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Although you know for sure that you added clear water inside your aquarium, for some reason, over time it gets green at first, then darker and darker in color. It might get to the point that the water is so foggy green, that you can barely see a fish or two. This is something aquarium owners will have to deal with a lot, and there are a few ways in which you can fix it.
The article below will not only make you understand why the fish tank water is green but also what you will have to do to make it crystal clear again.
What turns aquarium water green
To make sure you’re taking the necessary steps toward solving this issue, you must first understand what is behind the water inside your aquarium turning green. The simplest explanation behind green aquarium water is tiny parts of algae that multiply endlessly. These are actually living things, but they are so small that you can only see them with the help of a microscope. They are called phytoplankton. The phytoplankton will multiply to the point that it gets very concentrated in your tank. This will make the water turn green and it is actually called an algae bloom. This is something you will have to take care of, to prevent the water in your aquarium from turning thick and yellow-green.
The first thing you need to understand is that this type of green water won’t harm your aquarium plants or fish. In the wild, they will also have to deal with phytoplankton. Even so, this is surely not something you want to see in your aquarium.
Too much phytoplankton can be caused by one of three issues:
Considering that phytoplankton is a type of algae and algae is a type of plant, like most plants, it will strive under enough light. The green bits might multiply excessively if leave the light on for too many hours each day or if you have an aquarium light stronger than the tank would need.
An aquarium exposed too much to sunlight can also get green fast. Algae really like natural light, so even if the tank light is off, if you keep it too close to a window, it will get overexposed to light, which would increase the levels of phytoplankton inside the water.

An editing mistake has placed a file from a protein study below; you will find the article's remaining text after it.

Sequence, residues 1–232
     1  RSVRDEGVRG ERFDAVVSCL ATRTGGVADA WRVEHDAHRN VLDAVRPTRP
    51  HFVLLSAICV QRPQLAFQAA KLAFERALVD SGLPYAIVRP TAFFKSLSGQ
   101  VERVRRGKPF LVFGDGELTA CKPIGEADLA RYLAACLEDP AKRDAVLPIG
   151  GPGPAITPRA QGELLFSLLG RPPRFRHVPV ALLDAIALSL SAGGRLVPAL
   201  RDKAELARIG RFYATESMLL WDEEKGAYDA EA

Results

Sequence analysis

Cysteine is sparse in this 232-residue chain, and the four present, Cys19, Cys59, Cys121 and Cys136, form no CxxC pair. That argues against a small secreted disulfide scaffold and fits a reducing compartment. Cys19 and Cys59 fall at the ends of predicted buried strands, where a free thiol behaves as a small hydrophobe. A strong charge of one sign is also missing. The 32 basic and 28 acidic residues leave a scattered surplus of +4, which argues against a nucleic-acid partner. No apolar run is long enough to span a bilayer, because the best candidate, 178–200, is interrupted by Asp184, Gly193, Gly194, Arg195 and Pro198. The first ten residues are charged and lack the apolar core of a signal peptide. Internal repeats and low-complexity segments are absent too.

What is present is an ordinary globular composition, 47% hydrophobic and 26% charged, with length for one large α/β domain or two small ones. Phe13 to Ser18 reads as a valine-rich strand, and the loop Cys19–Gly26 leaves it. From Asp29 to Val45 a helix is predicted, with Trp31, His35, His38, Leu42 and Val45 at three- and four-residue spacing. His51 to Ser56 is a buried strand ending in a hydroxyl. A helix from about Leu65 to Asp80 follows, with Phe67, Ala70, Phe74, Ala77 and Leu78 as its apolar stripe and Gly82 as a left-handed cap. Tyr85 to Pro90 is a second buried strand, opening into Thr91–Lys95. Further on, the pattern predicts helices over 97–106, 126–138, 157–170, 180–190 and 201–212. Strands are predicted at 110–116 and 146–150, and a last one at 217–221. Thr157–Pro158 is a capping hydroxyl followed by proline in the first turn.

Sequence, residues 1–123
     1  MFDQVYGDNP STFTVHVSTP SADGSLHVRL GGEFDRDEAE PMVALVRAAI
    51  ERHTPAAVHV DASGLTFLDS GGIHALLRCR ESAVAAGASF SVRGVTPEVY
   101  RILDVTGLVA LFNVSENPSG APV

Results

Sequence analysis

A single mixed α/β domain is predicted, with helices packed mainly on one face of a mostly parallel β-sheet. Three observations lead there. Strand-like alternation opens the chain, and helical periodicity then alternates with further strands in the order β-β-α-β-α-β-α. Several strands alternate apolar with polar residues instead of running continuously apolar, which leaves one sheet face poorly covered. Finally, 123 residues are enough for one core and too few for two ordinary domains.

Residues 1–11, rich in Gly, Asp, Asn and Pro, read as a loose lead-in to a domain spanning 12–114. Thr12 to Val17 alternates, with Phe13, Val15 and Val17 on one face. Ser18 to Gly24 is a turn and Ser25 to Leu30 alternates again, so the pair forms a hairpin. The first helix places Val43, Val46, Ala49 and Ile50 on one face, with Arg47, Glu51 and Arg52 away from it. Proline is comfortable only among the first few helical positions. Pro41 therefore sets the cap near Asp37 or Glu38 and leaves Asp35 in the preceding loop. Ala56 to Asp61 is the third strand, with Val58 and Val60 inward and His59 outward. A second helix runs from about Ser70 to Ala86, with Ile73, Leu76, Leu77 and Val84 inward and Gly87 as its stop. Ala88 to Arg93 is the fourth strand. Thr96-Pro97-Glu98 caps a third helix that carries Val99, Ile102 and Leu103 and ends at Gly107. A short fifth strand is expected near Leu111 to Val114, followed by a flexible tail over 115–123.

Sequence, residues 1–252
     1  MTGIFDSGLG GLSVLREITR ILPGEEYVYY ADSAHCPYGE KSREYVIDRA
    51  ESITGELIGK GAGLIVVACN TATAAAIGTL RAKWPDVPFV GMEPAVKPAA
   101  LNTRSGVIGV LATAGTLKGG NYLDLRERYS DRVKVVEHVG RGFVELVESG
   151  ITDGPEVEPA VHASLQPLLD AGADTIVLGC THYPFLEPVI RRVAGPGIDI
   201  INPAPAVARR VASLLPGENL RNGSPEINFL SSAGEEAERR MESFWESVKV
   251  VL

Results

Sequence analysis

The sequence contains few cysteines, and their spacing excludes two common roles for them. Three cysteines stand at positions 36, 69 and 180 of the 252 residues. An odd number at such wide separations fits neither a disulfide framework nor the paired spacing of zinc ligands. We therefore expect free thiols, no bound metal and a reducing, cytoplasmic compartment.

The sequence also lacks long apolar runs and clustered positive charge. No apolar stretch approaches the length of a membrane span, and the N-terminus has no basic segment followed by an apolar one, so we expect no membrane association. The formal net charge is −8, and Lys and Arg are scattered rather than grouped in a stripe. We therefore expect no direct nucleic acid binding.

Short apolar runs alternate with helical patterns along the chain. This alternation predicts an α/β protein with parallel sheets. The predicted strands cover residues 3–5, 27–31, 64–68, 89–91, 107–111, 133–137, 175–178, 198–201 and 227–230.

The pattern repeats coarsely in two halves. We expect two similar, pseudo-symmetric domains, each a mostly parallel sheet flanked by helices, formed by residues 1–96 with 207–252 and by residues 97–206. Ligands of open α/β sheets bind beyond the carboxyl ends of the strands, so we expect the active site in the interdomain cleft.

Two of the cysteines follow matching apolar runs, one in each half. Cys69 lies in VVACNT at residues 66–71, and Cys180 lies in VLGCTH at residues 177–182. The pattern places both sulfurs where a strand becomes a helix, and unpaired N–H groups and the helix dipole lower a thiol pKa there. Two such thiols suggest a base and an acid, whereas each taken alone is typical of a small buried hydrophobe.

A properly made aquarium will have aquatic plants and these plants need a certain balance of nutrients to develop. The bad part is that algae will also enjoy those particular nutrients. Algae strive in harsher environments so an imbalance of nutrients inside the tank will make aquatic plants lose their glow, while algae will strive.
Not enough tank maintenance
If you want an aquarium with clear, beautiful water and you also want to prevent it from getting green and cloudy, then you will have to have it maintained periodically. The life in the tank will require some basic maintenance to stay healthy, like water quality testing, filter cleaning, and water changes. A lack of periodic, proper maintenance will usually contribute to an overgrowth of algae.
Fixing your green-water problem
The first step in fixing a green water issue is to find out what is behind it. There are also instances when not one, but multiple factors will contribute to the problem, which means that the solution will also be more complex.
Use a UV sterilizer
An ultraviolet (or UV) sterilizer will help you if you want a simple and very efficient solution to getting rid of the green water right on the spot. It will usually take a maximum of a few days for the water to get clearer because the UV chamber will eliminate algae as soon as water flows through it.
Although the UV sterilizer can help fix your issue, green water might be caused by something else and you should make sure you fix the root of the problem as well. Before considering getting a UV sterilizer, you should first go through the steps below to make sure you spot what’s wrong.
If you believe that the excess algae growth is influenced by too much light, then you should start by reducing the amount of light hitting the tank. Go for a lower-wattage bulb and don’t keep the light working for more than 10 hours each day. Also, if you keep the tank close to a window, they try to move it slightly so it doesn’t receive as much natural light and check it periodically to see if anything changes.
Fix water imbalances
The levels of the chemicals inside the tank are also important, so make sure you have them checked. While testing the water, you might notice that the levels of phosphate and nitrate are imbalanced, which can be considered a reason for algae growth. Your nitrate and phosphate levels will usually get higher if you have more fish in the tank than you should. To solve this water imbalance you can do one of these two things: Either put the fish in a larger tank or reduce the number of fish in your old one.
Adding more plants should also help. This is because Plants will usually eat the same nutrients that algae need. As long as you have a decent amount of plants, usually, algae won’t have enough nutrients to grow.
Clean your tank
Even after finding the root of the problem and going through the steps above, you should never neglect regular cleaning and maintenance if you want to avoid algae and green water. It is very important to change at least 20% of the amount of water in your tank once per week. This is so important, that you should set a calendar reminder, to make sure you don’t miss this chore.